In the animal-rescue world, each individual animal is sacred, each dog deserves its sunny day, and euthanasia, while perhaps safe and legal, should be extremely rare. These people are believers in the Universal Rights of Dog, extrapolated from the near-human status of their own pets. In another way, the animal-rescue movement is an offshoot of the civil-rights struggles of the sixties, a final frontier for universalist ideals. Animal rescue is also one of the opportunities of ordinary Americans for real heroism—and more and more, they’ve taken it. The dog’s innocence amplifies empathy, because there’s no ethical static, no human otherness to contend with. It’s less complicated to love a pet than a person. The risk and conflict and cloak-and-dagger swagger that some of these missions entail can give lives a life-in-wartime meaning they otherwise wouldn’t have. There’s selflessness here, but just as in wartime, there’s also addiction, the oxytocin mixing with adrenaline.
Some of the most vivid images in the aftermath of Katrina were of dogs—on roofs, in the water—awaiting rescue or struggling to survive. After the catastrophe, Barack Obama spoke of an “empathy deficit,” but there was no deficit when it came to the animals. An army of animal rescuers descended on the city, and their work is legend in the animal-rescue community. But among some locals, their intervention was further proof, if more was needed, that not enough value had been placed on human residents.
The rescuers have done their work remarkably well. Twenty-five years ago, some 12 million dogs and cats were euthanized, according to the ASPCA. Now the figure is between 3 and 4 million, about half of them dogs. Partly thanks to public education about rescuing dogs, a much lower percentage of dogs taken into the shelter system are eventually euthanized. And both because of the effectiveness of spay-neuter programs and the fact that dogs seldom are permitted to run loose, there are many fewer adoptable dogs. In many places on the East Coast, the demand for rescue dogs exceeds the supply—which means that, one way or another, the red states are supplying more and more of our dogs. A flood of dog refugees like Stella are coming from points south and west and places like Puerto Rico, where there are more-traditional dog cultures.
What the blue states are exporting to the red states is, often, ideology. It’s the same town-country conflict Seamus Heaney wrote about, on a gigantic scale. Newkirk, along with Wayne Pacelle of the Humane Society of the United States, advocates strict, mandatory spay-neuter laws across the country, along with much stricter regulation of breeding. Pacelle is the silky pony of the animal-rights world, a Yale graduate who looks tremendous in a suit. The Humane Society of the United States is blessed with a great name, and partly because of its well-publicized raids on puppy mills, it has a massive fund-raising footprint and $125 million to spend, which can buy a good number of small-state lobbyists (the HSUS too has been trying to get its share of the Helmsley fortune). But Pacelle drives many dog people nuts because they see him as an enemy of traditional dog cultures, possibly an animal-rights ally of PETA masquerading as a friend of the dog: a wolf in sheep’s clothing. “The biggest problem with HSUS,” says Janeen McMurtrie, a Minnesota dog trainer who has a widely read blog called Smartdog’s Weblog, “is that they hide their goals so well. I have clients who are avid dove hunters and they’ve given them money.”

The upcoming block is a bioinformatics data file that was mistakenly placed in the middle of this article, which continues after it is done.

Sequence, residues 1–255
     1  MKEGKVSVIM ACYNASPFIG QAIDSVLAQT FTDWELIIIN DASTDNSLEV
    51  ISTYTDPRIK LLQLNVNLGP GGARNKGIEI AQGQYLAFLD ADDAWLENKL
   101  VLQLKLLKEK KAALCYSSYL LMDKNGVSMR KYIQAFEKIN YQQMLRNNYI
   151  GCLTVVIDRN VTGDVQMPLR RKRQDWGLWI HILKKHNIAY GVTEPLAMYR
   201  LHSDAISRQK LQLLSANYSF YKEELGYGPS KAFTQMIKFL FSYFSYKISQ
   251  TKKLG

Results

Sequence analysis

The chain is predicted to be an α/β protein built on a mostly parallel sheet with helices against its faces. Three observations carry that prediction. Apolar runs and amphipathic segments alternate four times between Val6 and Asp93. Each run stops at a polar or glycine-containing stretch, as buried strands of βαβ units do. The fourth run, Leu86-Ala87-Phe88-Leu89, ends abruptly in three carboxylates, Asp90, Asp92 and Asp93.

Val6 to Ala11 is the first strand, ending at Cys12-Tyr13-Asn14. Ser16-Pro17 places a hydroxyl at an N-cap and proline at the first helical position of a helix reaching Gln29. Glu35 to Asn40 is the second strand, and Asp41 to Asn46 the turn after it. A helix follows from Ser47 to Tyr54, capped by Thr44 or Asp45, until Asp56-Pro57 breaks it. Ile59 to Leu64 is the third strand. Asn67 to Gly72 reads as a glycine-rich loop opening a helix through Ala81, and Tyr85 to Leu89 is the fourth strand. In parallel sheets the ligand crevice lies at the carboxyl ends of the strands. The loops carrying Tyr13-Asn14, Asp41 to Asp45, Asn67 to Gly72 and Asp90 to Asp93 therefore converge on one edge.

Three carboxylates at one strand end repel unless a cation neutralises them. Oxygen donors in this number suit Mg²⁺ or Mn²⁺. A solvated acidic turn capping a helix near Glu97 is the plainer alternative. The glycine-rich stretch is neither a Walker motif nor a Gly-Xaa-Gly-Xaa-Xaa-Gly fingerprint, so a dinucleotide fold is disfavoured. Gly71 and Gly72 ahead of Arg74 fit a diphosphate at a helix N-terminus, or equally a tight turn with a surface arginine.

Here, too, there is a sense that the ground is shifting, that the World of Dog may be on the verge of irrevocable change. The spay-neuter laws that Pacelle and Newkirk advocate, while no doubt reducing the numbers of dogs that have to be put down every year, have the potential to change the dog itself. “The thing about mandatory spay-neuter,” says James Serpell, “is that those who are most willing to have their dogs spayed or neutered tend to be responsible people. And often, their dogs also happen to be nice animals in temperament. So what you’re doing essentially is taking those dogs out of the breeding population.” McMurtrie echoes Serpell’s concern. “It’s hasn’t gotten widespread enough yet,” she says. “But if it did, it could be catastrophic.”
The ancien régime is also having its troubles. On an October weekend, the American Kennel Club held a “Meet the Breeds” event at the Javits Center. There were some 160 breeds represented, along with booths for every conceivable dog accessory and dietary regimen: organic behavior aids, chewable dog toothpaste. The idea is to connect breeds with their ancestral homelands. Behind the Cavalier King Charles spaniels is an oversize photograph of a castle surrounded by woods. The borzois lounge on pillows in a tented area, long and elegant but probably not the brightest bulbs, like the czars who bred them. A man in a tartan kilt holding a shepherd’s crook stands with a small pack of Shetland sheepdogs, alert, confident creatures, like little collies. The dogs don’t herd sheep so much anymore, the man tells me, though sometimes they’re used to herd geese on golf courses.